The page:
I am a plus-sized woman who dared to wear a bikini to the beach for the first time, and here is how I was treated.

When it comes to getting dressed, getting hired, or even going out to eat, people who are overweight often face discrimination. Whether it is intentional or not, stares can be hurtful and can cause insecurity in the person who receives them. Marie Southard Ospina shares her experience as a plus-sized woman at the beach in an article for Bustle.

Given society’s norms regarding thinness and the ideal weight, overweight individuals are often singled out. While there are indeed health problems associated with overweight and obesity, unfounded negative attitudes are rampant. This phenomenon illustrates fatphobia, a hostility towards overweight people based on the idea that they are overweight because of their own fault.

Fatphobia, its impact on daily life.

Critical comments, hostile attitudes, judgmental looks, pity… There are numerous fatphobic reactions from some people. This phenomenon is experienced almost daily by overweight or obese individuals in all areas of their lives. In fact, Le Monde already reported in 2005 that overweight people had to face negative remarks in the medical field, imposed diets (without being asked), or even blood donation refusals, while in the workplace, they had less chance of being hired and promoted. On a daily basis, it is also more difficult for them to dress, take public transportation, have access to life insurance, and even worse, to have their last wishes respected. Viviane Gacquière, president of the Allegro Fortissimo association, which supports and helps overweight people, testified to a feeling of an “anti-fat climate” in France and the impression that the fight against obesity had turned into a fight against obese people.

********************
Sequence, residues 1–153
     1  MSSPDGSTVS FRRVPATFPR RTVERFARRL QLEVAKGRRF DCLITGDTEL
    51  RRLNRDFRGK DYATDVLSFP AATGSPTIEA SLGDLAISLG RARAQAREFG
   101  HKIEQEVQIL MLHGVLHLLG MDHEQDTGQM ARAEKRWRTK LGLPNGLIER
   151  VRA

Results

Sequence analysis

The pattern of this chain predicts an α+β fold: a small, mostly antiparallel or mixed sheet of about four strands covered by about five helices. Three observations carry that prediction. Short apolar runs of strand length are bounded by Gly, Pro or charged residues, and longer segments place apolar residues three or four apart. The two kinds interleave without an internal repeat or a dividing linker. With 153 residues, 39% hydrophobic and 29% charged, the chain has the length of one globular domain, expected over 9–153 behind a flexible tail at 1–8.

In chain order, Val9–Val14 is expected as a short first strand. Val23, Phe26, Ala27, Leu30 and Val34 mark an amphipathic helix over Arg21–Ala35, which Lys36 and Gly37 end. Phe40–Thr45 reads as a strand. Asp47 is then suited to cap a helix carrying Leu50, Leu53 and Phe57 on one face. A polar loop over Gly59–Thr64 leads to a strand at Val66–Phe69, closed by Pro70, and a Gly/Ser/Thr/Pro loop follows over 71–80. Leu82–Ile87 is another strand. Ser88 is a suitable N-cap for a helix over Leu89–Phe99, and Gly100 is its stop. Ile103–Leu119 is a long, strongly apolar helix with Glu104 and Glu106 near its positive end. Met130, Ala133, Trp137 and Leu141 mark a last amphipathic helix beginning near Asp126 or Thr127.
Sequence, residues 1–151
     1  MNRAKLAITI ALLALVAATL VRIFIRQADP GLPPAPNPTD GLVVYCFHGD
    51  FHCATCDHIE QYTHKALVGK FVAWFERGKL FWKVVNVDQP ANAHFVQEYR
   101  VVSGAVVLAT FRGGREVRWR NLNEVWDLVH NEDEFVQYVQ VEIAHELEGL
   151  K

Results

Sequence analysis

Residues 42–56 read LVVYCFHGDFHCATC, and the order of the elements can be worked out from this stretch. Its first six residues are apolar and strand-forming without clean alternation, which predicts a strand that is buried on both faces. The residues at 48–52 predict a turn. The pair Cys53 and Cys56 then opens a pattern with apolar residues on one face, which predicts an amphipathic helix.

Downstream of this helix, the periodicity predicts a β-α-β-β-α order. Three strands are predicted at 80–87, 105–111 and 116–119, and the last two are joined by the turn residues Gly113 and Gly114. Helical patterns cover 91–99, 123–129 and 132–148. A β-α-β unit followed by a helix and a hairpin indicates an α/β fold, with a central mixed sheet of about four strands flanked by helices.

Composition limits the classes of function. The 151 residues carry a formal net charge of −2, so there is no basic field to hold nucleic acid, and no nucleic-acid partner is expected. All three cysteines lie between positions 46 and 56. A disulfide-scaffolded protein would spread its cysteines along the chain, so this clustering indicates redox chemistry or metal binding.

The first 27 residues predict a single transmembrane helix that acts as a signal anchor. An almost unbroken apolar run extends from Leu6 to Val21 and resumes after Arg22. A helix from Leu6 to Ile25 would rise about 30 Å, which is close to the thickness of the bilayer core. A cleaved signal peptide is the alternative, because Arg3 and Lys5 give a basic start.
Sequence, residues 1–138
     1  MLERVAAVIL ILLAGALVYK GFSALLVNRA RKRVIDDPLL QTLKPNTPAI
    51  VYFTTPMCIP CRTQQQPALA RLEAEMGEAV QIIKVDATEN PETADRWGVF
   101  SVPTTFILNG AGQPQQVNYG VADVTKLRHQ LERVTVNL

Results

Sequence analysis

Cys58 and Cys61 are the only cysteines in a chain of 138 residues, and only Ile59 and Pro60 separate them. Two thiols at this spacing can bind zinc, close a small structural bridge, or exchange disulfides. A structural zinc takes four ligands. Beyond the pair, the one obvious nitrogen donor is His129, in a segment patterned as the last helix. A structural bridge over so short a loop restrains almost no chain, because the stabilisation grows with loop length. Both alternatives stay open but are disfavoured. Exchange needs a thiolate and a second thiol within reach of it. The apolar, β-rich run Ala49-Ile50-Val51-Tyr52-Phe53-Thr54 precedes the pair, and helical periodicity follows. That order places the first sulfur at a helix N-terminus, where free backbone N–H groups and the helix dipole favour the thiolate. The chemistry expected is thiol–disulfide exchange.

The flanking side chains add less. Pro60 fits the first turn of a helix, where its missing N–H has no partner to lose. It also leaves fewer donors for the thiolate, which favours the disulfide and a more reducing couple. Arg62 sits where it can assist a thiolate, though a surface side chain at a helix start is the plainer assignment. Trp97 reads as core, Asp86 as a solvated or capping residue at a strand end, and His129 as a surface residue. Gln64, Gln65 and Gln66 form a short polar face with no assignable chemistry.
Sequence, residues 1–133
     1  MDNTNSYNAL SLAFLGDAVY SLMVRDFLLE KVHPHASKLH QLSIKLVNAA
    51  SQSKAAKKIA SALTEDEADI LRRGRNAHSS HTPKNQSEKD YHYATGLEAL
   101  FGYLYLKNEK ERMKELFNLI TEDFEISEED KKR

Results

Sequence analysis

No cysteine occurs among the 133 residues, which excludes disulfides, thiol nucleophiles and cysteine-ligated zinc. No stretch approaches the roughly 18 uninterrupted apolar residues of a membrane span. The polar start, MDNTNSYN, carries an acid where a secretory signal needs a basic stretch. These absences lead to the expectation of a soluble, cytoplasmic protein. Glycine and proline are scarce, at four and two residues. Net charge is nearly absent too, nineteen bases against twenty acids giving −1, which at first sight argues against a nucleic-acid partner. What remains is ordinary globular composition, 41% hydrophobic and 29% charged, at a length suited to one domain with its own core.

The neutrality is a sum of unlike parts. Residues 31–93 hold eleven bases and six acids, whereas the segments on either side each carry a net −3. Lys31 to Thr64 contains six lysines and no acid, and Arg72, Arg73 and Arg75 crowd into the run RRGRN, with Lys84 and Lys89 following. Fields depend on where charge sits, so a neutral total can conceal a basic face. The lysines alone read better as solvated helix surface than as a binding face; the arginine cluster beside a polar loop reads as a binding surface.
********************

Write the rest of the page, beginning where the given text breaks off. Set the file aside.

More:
The testimony of Marie Southard Ospina.

As summer approaches and beach outings become more common, many women go on diets. In contrast, Marie Southard Ospina decided to embrace the trend that every body has a beach body and that everyone should feel confident enough to wear a swimsuit.

Thus, while on vacation in Spain, she decided to wear a two-piece swimsuit for the first time, showing off her curves, cellulite, stretch marks, and scars. Accompanied by her partner, she walked along a crowded beach and noticed various reactions. Some were positive, with people being neutral, not staring at her, or giving her big smiles, while others were more negative.

Marie Southard Ospina also shares a positive aspect of her experience. She noticed that many other plus-sized women were wearing similar swimsuits, and joked that she must have been going to the wrong beaches all this time. This observation gave her a sense of solidarity and empowerment, as it showed her that she was not alone in her body positivity journey.

Written by Matt

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